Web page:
• Conversely, education and different lifestyles
    form a large YOUTH MARKET.

7
The Sociological Factors
  • The key sociological factors influencing fashion
    today are leisure time, ethnic influences, status
    of women, social and physical mobility, instant
    communications, wars, disasters, and crises.
  • Leisure time and suburbs greatly influence the
    fashions in todays America.

8
U.S. Population Percents by Ethnicity
9
Status of Women
  • At the beginning of the 20th century, women could
    not vote, rarely worked outside the home or
    attended college, and enjoyed little social
    freedom.
  • As the century progressed, advanced education
    became available to increasing numbers of women.
  • More than half of todays college students are
    female.
  • As womens rights advanced throughout the 20th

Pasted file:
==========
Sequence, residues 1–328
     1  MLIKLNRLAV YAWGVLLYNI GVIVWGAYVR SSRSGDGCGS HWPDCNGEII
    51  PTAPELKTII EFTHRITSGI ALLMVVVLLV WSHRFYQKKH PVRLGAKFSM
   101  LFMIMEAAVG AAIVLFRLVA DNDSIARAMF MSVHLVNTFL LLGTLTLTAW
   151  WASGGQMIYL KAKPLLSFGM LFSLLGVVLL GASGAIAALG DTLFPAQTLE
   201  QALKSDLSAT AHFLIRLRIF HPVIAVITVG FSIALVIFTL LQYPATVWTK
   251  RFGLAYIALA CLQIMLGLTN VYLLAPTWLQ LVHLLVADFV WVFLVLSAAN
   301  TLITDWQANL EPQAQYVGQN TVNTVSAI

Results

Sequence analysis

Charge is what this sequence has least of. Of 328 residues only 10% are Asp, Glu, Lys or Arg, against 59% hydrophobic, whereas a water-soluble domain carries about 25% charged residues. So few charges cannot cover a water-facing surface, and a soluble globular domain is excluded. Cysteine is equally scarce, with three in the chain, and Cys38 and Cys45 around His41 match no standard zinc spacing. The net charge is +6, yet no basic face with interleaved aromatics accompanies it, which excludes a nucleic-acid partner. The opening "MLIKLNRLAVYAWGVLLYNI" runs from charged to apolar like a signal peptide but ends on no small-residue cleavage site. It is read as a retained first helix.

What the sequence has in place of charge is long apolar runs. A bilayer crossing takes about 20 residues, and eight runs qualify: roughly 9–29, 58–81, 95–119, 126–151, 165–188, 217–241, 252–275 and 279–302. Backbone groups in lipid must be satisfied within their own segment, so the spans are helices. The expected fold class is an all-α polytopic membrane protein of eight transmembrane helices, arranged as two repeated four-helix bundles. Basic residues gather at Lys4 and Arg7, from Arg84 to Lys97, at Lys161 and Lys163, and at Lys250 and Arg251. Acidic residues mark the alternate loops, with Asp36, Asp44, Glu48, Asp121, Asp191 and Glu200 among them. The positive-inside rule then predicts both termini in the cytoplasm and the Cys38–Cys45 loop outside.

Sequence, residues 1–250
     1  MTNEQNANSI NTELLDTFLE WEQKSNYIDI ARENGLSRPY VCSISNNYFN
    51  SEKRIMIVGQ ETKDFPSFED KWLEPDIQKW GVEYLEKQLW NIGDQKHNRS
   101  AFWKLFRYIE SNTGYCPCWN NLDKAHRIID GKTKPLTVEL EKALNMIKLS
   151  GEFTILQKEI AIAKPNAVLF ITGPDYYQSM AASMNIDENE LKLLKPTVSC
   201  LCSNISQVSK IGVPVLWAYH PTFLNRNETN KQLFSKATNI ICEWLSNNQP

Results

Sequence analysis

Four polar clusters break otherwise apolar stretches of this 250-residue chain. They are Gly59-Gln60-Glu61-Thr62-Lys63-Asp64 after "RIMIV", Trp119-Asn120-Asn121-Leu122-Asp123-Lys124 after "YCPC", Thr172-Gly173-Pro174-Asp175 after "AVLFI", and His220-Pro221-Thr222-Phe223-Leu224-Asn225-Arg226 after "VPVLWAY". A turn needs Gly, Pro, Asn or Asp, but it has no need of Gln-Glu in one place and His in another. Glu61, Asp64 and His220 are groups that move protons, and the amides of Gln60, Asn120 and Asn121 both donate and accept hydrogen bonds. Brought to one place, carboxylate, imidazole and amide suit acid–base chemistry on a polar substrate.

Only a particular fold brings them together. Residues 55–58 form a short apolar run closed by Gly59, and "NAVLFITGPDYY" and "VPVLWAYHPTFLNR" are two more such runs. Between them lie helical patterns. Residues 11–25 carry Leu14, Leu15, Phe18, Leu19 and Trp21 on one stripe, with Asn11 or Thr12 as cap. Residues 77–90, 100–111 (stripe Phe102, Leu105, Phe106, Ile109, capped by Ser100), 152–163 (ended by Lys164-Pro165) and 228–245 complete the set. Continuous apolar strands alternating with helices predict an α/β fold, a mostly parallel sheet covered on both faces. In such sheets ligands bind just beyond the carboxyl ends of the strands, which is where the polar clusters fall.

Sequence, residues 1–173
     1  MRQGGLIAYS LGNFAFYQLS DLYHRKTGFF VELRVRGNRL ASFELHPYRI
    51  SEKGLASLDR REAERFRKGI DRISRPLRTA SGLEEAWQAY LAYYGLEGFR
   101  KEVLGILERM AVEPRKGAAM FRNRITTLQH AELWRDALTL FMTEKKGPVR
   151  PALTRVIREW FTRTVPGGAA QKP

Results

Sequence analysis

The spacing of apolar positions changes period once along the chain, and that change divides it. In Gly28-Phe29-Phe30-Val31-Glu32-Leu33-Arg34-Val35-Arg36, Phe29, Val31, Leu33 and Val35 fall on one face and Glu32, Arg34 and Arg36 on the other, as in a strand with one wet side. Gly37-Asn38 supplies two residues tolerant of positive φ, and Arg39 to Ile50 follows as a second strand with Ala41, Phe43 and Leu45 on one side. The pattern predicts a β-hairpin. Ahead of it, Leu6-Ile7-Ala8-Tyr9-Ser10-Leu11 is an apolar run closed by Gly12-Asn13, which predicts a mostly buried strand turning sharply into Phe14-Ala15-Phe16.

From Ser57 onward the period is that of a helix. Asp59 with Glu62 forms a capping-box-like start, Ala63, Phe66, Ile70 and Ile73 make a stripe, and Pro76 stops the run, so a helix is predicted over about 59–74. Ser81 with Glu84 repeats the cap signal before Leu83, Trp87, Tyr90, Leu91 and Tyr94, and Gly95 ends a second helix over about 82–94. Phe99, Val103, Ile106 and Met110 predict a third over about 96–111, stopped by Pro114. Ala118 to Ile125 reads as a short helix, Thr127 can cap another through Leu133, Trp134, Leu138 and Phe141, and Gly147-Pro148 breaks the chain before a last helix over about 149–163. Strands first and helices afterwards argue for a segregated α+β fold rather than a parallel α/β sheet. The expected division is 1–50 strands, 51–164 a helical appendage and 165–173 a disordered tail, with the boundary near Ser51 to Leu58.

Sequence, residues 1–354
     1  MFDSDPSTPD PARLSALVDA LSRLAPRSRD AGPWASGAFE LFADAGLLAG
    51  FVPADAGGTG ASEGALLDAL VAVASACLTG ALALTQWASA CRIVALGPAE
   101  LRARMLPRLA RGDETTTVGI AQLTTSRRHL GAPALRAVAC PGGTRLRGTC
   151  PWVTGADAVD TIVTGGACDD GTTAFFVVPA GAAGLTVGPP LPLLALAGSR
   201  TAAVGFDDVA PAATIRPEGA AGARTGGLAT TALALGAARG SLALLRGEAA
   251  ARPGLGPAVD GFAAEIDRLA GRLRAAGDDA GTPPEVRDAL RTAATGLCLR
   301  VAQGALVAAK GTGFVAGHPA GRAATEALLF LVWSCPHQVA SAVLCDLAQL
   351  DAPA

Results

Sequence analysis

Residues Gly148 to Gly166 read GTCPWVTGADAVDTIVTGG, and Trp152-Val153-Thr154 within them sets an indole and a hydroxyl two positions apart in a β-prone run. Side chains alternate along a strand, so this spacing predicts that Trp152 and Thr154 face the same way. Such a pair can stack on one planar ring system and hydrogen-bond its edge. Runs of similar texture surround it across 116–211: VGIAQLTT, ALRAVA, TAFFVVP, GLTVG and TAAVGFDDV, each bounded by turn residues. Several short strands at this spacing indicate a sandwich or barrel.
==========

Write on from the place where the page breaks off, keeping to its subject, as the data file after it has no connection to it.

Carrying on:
century, the marketing of fashion evolves

10
Status of Women
  • Work
  • Women have progressively achieved more social
    freedoms and entered areas formerly the sole
    domain of men.
  • This affects fashion from planning to production
    through retailing.

11
Social Mobility
  • Many sociologists relate fashion change to
    changes in social mobility and the effort to
    associate with a higher class by imitation.
  • The middle class tends to follow the upper
    classs fashion choices however, the size of the
    middle class has a great economic influence on
    fashion.

12
Physical Mobility
Driving
  • The great American pastime takes people all over
    the continent, exposing them to different
    lifestyles.
  • This exposure creates the desire to emulate
    lifestyles, which can be achieved through donning
    the clothing of different regions.

13
Physical Mobility
Vacation Travel
  • Formerly an entitlement of the wealthy,
    decreasing airfares and enhanced flights allow
    the middle class to experience different cultures
    within the U.S. and internationally.
  • The effect is similar to the automobile
    domestically, but with greater range and economic